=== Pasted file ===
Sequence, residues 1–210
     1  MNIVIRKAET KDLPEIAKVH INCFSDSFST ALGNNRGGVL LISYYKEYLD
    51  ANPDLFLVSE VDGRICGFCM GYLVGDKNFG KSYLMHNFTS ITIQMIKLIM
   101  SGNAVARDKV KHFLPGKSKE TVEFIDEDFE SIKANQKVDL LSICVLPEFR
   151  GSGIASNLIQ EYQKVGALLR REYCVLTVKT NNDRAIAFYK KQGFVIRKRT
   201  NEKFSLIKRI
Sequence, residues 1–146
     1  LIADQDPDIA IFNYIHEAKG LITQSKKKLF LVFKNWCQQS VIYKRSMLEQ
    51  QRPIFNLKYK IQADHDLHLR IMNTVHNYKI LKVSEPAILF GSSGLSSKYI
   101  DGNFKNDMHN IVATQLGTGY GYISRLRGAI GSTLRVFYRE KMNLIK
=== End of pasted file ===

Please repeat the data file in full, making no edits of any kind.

Sequence, residues 1–210
     1  MNIVIRKAET KDLPEIAKVH INCFSDSFST ALGNNRGGVL LISYYKEYLD
    51  ANPDLFLVSE VDGRICGFCM GYLVGDKNFG KSYLMHNFTS ITIQMIKLIM
   101  SGNAVARDKV KHFLPGKSKE TVEFIDEDFE SIKANQKVDL LSICVLPEFR
   151  GSGIASNLIQ EYQKVGALLR REYCVLTVKT NNDRAIAFYK KQGFVIRKRT
   201  NEKFSLIKRI
Sequence, residues 1–146
     1  LIADQDPDIA IFNYIHEAKG LITQSKKKLF LVFKNWCQQS VIYKRSMLEQ
    51  QRPIFNLKYK IQADHDLHLR IMNTVHNYKI LKVSEPAILF GSSGLSSKYI
   101  DGNFKNDMHN IVATQLGTGY GYISRLRGAI GSTLRVFYRE KMNLIK